Wall-Resolved Large Eddy Simulation of Complex Flows in Turbomachines
Andrea Beck, Claus-Dieter Munz
Institute of Aerodynamics and Gasdynamics, University of Stuttgart
Local Project ID:
HPC Platform used:
Hazel Hen of HLRS
Turbomachines are complex systems that are indispensable for energy generation and propulsion in a wide range of sectors. Due to their tightly integrated architecture and rotating parts, experimental investigations of the flow phenomena through those machines is at best difficult and costly and at worst currently not feasible yet. Large scale numerical simulation can help here: It allows researchers and engineers a look at the intricate flow patterns inside these devices and helps to understand, predict and influence them. This knowledge can then be harnessed by the designers and developers to improve efficiency, reliability and safety and to reduce the ecological footprint of these machines.
Simulating the flow through turbomachines or their components is a challenging task. As the fluid passes through the system, it encounters a range of drastic changes in a very short time: It is accelerated and decelerated rapidly in the rotating components, it is compressed, heated, mixed with fuel and combustion takes places. Naturally, this leads to very complex flow patterns with a high degree of irregularity and unsteadiness. This requires numerical methods with excellent scale-resolving capabilities and high efficiency on parallel systems. From a computational perspective, the rotating components pose an additional challenge: The communication pattern between the rotating and stationary parts of the geometry also become dynamic.
In the current project, researchers of the Institute of Aerodynamics and Gas Dynamics at the University of Stuttgart develop numerical methods to conduct Large Eddy Simulations of flows in turbomachinery components, in particular with efficient coupling of stator and rotor domains. The complexities of the flow field require a very high resolution of the important scales in space and time, which needs a large computational effort and can only be achieved on massively parallel systems.
An example of such a computation is shown in Fig. 1. Here, the flow through a stator – rotor - stator system of a turbine is shown. The inflow Mach number is about 0.1, and the Reynolds number based on the exit velocity and second stator chord is approx. 800000. The scientists use the FLEXI framework based on a Discontinuous Galerkin spectral element discretization. It is based on a high order polynomial approximation of the solution within each grid element. A newly developed sliding mesh interface allows for a consistent inclusion of arbitrary rotating domains, while keeping the excellent scaling properties of the original implementation.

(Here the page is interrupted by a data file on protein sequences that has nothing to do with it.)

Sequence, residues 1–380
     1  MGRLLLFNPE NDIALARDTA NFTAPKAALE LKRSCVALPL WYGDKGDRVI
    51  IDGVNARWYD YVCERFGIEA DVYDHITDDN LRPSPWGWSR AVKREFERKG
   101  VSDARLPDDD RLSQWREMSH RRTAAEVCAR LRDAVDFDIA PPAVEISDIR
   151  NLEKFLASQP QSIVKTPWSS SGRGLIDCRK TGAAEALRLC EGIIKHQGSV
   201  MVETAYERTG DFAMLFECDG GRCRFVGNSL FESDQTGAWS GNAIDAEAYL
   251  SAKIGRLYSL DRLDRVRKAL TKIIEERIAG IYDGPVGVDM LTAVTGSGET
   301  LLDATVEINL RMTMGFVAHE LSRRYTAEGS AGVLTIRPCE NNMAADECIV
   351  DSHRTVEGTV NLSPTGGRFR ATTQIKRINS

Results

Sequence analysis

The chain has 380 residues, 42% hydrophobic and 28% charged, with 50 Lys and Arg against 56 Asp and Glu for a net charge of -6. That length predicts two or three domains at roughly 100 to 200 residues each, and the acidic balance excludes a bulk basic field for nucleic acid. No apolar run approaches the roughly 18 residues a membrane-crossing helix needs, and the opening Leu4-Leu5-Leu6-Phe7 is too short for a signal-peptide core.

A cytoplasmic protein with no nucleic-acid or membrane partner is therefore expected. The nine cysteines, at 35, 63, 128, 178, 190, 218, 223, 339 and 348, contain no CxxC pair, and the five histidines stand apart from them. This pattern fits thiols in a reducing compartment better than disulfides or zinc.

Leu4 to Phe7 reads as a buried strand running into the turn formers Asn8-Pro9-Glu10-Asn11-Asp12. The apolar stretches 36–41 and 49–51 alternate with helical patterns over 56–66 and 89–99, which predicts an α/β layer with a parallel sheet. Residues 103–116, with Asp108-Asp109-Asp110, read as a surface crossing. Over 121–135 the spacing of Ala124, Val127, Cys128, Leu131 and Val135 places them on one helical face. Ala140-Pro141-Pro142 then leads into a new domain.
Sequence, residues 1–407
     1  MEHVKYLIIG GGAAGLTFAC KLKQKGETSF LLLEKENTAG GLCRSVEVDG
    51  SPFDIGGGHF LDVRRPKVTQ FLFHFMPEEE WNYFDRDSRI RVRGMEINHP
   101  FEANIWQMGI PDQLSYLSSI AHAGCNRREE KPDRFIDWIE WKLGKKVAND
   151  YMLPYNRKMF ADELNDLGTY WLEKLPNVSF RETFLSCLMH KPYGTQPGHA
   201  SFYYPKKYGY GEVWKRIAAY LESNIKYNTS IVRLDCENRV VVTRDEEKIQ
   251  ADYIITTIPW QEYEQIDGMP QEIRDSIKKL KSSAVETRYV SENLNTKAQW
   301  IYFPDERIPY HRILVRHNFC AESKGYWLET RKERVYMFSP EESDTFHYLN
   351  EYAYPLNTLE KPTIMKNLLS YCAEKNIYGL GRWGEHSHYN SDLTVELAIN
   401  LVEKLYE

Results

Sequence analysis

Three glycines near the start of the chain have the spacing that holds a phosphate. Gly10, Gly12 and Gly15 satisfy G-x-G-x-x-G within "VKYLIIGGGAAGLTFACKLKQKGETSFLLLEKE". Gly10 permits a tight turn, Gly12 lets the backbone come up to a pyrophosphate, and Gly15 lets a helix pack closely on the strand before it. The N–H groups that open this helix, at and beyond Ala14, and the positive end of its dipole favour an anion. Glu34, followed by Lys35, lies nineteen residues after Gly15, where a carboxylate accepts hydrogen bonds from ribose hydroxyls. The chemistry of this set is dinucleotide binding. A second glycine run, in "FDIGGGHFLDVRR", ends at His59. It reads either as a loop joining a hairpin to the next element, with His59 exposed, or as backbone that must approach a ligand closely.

For the setup shown above, a 6th order ansatz was chosen, leading to 208 million degrees of freedom on a grid with close to 1 million grid cells. All computations were run on the Cray HPC System Hazel Hen at HLRS. The simulation costs per one rotor period (so called blade passing frequency) were about 27,000 CPUh, with the number of cores ranging from 4000 to 20000. Similar simulations with the same setup are currently already running on HAWK, the next supercomputer at HLRS.
Based on these simulation results, the complex transition and separation behaviour of the flow in turbomachines will be examined in this ongoing project. In the future, this knowledge will help to improve the design of these components and – further down the road – of the full system.
A video showing the vortical structures and acoustic waves derived from this project can be found at https://www.youtube.com/watch?v=7qwaQTwJS9M
a) Andrea Beck, Philip Ortwein, Patrick Kopper, Nico Krais, Daniel Kempf, Christian Koch (2019) Towards high-fidelity erosion prediction: On time-accurate particle tracking in turbomachinery, Manuscript submitted for publication in International Journal of Heat and Fluid Flow
b) Beck, Bolemann, Flad, Frank, Krais, Kukuschkin, Sonntag, Munz (2018) Application and Development of the High Order Discontinuous Galerkin Spectral Element Method for Compressible Multiscale Flows in High Performance Computing in Science and Engineering ’ 17, pp. 387–407, Springer, Cham
c) Krais, Nico, et al. "FLEXI: A high order discontinuous Galerkin framework for hyperbolic-parabolic conservation laws." arXiv preprint arXiv:1910.02858 (2019).
Research Team & Scientific Contact:
Dr.-Ing. Andrea Beck, Prof. Dr. Claus-Dieter Munz
Institute of Aerodynamics and Gas Dynamics, University of Stuttgart
Pfaffenwaldring 21, D-70569 Stuttgart (Germany)
HLRS project ID: HPCDG